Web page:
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5 new health developments you should know about

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10 Jan 5 new health developments you should know about

Are you keeping up with the news? At Okomeds we know how important is to be aware of what is happening around us. For that reason, we have chosen 5 newhealth developments that you should know about.

How worrying are the UK, South Africa, and Brazil coronavirus variants?

It isthought that the UK, South Africa and Brazil variants could be much more contagious or easy to catch than earlier versions. All three have undergone changes to their spike protein – this is the part of the virus which attaches to human cells.

Will vitamin D really help me fight off Covid-19?

There has been some controversy over whether vitamin D can help in the treatment or prevention of coronavirus. A recent review of research by the National Institute of Health and Care Excellence suggests there is no evidence to support taking vitamin D supplements to specifically prevent or treat the condition.

But some patients have been receiving doses of Vitamin D in the north-east of England with encouraging results.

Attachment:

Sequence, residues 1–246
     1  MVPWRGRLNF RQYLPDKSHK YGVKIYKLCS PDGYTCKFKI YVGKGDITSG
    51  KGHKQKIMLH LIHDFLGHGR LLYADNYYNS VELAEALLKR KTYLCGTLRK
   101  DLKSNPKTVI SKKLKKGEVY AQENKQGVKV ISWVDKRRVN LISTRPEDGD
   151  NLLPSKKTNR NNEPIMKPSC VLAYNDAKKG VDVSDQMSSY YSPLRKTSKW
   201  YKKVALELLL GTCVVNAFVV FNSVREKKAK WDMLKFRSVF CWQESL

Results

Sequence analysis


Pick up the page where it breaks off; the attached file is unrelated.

Low Carb Diet May Help People with Type 2 Diabetes Go Into Remission

New research has found that a low carbohydrate diet may help some people with type 2 diabetes achieve remission.

The study, published on Wednesday in The BMJ, found that strictly adhering to a low carb diet for six months was associated with higher rates of remission among people with type 2 diabetes.

Low carb eating can be difficult to stick with long term, and the benefits flattened off after a year.

While the findings highlight the significant benefits of following a low carb diet in the short term, more research is needed to better understand the long-term effects on weight loss, blood sugar levels and quality of life.

Blood Pressure Medications Should Still Be Taken During COVID-19, Experts Say

COVID-19 symptoms won’t become more severe if you take blood pressure medications, researchers say.

In fact, not taking these medications will likely make symptoms worse.

Scientists from the University of Pennsylvania looked at how two types of medications used in treating high blood pressure (ACE inhibitors and angiotensin receptor blockers) could either make symptoms worse among those hospitalized for COVID-19 or lessen their severity.

There’s No Limit to the Cardiovascular Benefits of Exercise

Researchers say any amount of exercise is beneficial for cardiovascular health. A study published Jan. 12 led by the University of Oxford said that there’s no upper threshold to the benefits of exercise in reducing the risk of cardiovascular disease.

Researchers added that both moderate and vigorous physical activity resulted in a health benefit. In a study of more than 90,000 people, researchers found that not only is physical activity associated with a lower risk of cardiovascular disease, but also those who are active at the highest levels achieve the greatest benefit to heart health.

 

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